Thursday, July 14, 2011

how to rent a paris apartment - conclusion

The market for renting apartments and houses in Paris is complex, extremely competitive and often frustrating.

You'll find that most of the rentals are contracted for a term of three years. French landlords are extra careful to make sure the rent is paid.   The rental agreement basically protects the tenant from changes in ownership or the owner’s own desire to re-occupy the property within the contract time. The agreement is called a bail, which is renewable at the end of the contract. The three-year contract is known as un bail de trois ans. Be careful if the owner offers you a bail of less than three years.

Apartments and houses are described by the total number of rooms (or pièces), minus the kitchen and bathroom. Most rental apartments are between two and four rooms. These listings would read: deux-pièces and quatre-pièces. Make sure to inquire about the apartment’s exact square meters (mètres carrés), as the number of rooms listed can often be misleading. Also often no kitchen appliances are included and sometimes no cabinets as well.

There are complicated rules and regulations regarding eviction (the majority of the regulations will be in your favor as the tenant). The tenant’s stay cannot be terminated unless the tenant chooses to leave in which case you will be able to get out of the lease with 3 months notice (or one month in certain circumstances) The landlord cannot evict you during the winter months and there is a very complicated eviction procedure that includes your right to appeal.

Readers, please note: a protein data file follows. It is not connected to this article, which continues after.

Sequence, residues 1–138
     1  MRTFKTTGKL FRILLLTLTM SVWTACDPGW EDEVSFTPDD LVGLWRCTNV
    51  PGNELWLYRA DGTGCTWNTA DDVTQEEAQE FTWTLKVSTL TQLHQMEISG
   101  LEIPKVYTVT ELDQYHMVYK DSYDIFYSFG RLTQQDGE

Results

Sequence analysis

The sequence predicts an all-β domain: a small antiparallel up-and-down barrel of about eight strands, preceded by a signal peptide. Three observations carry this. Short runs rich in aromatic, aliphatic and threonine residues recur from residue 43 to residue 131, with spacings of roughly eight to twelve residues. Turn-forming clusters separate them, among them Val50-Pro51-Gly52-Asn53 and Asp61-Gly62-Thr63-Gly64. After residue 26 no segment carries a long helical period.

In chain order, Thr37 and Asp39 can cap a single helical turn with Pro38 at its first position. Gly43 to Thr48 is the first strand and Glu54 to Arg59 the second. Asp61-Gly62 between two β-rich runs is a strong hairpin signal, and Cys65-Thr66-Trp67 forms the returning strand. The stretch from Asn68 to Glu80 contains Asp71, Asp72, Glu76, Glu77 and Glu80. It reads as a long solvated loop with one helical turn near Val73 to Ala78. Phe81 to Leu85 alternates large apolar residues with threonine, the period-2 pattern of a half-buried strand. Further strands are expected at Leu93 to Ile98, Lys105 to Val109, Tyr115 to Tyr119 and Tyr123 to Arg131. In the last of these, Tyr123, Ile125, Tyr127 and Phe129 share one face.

Don't be surprised if you find yourself drowning in a sea  of paperwork!

  • Bring pay slips from at least the previous three months--a monthly income of at least three times the month’s rent is required; it can be as much as four.
  • Proof of employment
  • For the self-employed: provide the previous year’s tax payments
  • A letter from one or two people who will guarantee the sum of the rent if you fail to pay it. These persons will also have to show a pay-slip demonstrating a monthly income that’s three times the monthly rent.
  • Proof of identity, a residence permit (perhaps a passport)
  • Proof of your current address in the form of a telephone or electricity bill. It’s highly unlikely that this will work if you’ve just moved to France—you probably won’t have bill of this sort. In this case you may be saved if you can provide a bank guarantee.
  • Proof of a home insurance policy
  • A check to the owner, which will likely be for two or three times the rent--basically a security deposit, known as un chèque de caution. You’ll receive the exact amount of this sum at the end of your stay, providing there is no damage done to the property--so make sure to document any imperfections that are present on your arrival. Fill out an état des lieu, a document that both the tenant and the owner sign. It is an evaluation of the property in its condition upon the new tenant’s arrival. Bring your camera!

Where to go for help:
some suggestions from the France Expat Forum:

For an anglophone, the best source to start looking for a Paris rental is the FUSAC site FUSAC - Petites annonces pour anglophones de Paris
FUSAC is a free want-ad magazine that is available at most expat hangouts in and around Paris.

Enlist the aid of a French speaking friend. Leases and most other legalities in France have to be in French by law, and translations are expensive.

The paper carries both agency ads and individual ads - check the "small ads" section of the website for those that may avoid the agency fee. 


Jerusalem Vacation Rentals said...

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